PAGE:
Winooski City Manager Joshua Handverger is officially without a job after the City Council ratified their vote to fire him, Tuesday night.
The council made its decision during what was supposed to be the first night of a public hearing in which Handverger would have laid out his case to keep his job, but Handverger was not there, and neither was his attorney, John Franco. Franco sent a letter to the council on Tuesday morning, explaining that they objected to the way the council handled the firing process and to the fact that the hearing was taking place on the Jewish holiday of Rosh Hashanah. Handverger was in Massachusetts celebrating the holiday with his family, explained Franco.
The city offered to move the hearing to a later date only if Handverger was willing to drop his argument that any action taken after Oct. 1, the day his "at will" status comes to an end, would require a different procedure.
Members of the city council moved into executive session during Tuesday's meeting to determine if they could move forward without Handverger or Franco present. After 45 minutes the council emerged and Mayor Michael O'Brien read a written statement explaining how the council was moving forward.
"First I want to apologize that this meeting is taking place on this Jewish holy day," O'Brien read from the statement.
City Council members then had a chance to comment. Deputy Mayor Katherine Picard and councilor Jodi Harrington again voiced their objections to how the process was being handled. In the end the council voted 3 to 2 to ratify a resolution it passed last Monday, which ended Handverger's employment.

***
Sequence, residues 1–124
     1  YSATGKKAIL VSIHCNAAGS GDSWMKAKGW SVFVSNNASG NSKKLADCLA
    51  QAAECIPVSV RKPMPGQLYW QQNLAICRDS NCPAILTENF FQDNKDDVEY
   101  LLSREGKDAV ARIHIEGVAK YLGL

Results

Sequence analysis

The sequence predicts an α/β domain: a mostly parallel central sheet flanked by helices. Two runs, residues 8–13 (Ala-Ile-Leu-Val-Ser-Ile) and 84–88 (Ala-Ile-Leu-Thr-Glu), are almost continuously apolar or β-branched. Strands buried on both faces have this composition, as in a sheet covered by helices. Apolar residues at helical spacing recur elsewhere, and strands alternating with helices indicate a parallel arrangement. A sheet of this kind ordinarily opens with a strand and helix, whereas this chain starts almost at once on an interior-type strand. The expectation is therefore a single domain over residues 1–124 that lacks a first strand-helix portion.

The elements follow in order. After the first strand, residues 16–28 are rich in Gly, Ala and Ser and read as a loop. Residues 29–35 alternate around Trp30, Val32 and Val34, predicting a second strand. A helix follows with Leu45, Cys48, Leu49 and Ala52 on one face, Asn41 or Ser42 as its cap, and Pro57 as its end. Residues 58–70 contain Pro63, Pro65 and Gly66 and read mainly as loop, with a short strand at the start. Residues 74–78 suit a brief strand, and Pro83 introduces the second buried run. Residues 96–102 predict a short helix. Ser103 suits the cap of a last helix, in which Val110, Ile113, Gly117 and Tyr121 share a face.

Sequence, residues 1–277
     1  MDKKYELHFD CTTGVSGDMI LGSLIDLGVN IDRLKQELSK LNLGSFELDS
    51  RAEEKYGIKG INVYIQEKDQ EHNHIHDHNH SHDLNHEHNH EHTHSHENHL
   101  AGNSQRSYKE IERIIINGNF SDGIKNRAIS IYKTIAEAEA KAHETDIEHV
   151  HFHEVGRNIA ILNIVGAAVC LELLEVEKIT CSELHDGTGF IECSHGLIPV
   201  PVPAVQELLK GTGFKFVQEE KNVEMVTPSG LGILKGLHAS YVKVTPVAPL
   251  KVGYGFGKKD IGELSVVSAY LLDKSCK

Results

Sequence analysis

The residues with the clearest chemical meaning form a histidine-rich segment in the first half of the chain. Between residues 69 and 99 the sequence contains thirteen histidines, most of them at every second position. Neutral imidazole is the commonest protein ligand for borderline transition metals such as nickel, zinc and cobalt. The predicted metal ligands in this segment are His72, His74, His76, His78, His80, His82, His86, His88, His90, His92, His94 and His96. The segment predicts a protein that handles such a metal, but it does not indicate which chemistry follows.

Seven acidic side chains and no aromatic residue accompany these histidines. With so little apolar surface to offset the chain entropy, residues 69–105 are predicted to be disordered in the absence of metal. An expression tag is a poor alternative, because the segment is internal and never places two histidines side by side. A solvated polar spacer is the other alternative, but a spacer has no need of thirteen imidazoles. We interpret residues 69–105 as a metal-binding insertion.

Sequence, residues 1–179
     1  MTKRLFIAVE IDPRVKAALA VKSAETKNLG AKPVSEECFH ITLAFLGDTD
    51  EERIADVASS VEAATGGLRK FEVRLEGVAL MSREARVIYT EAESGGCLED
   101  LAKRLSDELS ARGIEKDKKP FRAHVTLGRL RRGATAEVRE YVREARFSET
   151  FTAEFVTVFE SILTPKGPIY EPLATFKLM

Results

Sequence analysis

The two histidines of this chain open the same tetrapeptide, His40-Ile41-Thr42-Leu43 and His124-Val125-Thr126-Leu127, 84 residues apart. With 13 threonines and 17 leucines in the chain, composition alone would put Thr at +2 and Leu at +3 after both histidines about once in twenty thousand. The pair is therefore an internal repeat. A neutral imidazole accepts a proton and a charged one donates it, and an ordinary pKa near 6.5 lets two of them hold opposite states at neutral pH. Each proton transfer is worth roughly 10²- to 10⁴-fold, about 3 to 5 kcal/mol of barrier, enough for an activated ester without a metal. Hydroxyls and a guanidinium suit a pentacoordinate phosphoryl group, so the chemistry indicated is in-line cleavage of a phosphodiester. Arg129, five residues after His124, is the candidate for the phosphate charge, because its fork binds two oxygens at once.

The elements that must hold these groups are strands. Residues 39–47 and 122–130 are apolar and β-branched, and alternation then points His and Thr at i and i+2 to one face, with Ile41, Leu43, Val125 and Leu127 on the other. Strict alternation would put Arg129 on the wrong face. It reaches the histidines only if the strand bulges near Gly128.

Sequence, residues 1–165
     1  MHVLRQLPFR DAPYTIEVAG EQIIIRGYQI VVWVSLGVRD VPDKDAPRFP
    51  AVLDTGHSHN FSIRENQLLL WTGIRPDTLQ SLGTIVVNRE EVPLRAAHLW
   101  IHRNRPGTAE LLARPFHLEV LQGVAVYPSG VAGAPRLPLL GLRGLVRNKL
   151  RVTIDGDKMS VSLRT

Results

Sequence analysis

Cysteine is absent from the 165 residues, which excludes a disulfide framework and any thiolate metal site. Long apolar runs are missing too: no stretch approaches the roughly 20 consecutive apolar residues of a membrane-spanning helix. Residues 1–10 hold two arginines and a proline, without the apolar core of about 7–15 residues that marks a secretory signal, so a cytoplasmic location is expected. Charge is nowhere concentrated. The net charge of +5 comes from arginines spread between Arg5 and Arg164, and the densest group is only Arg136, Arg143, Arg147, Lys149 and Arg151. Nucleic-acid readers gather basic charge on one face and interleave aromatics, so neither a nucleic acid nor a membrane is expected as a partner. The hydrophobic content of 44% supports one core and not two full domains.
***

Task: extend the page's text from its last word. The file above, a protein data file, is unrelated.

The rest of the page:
Franco says Handverger was relieved by the council's action because it clears the way for the case to be heard in court. Franco plans to sue the city and demand Handverger get his job back. The grounds for the case will state that the city violated the law by not following proper procedure to fire Handverger. He says there may also be grounds to sue based on religious discrimination, or creation of a hostile work environment, because the city held the hearing on the Jewish holiday.
Mayor O'Brien says he is confident the city followed proper procedure.
"We've talked to not only our city attorney but several attorneys and from what I understand we have gone down the proper road," he said after the council's decision.
While Handverger may be relieved his case can move to court, city employees say they are relieved they can go back to work without Handverger as their boss.
"We're absolutely thrilled," said Mary Beth Boe, and administrative assistant in the Winooski Police Department. "It's been a long time getting to this point. We just feel like we can move forward now, it's just, you know, we're elated! It's going to be very jubilant at work tomorrow."
The city council will have to move forward now with finding a replacement for Handverger. There will be a hiring committee to examine possible candidates, but in the end it's the council that will make the final decision on who to hire.
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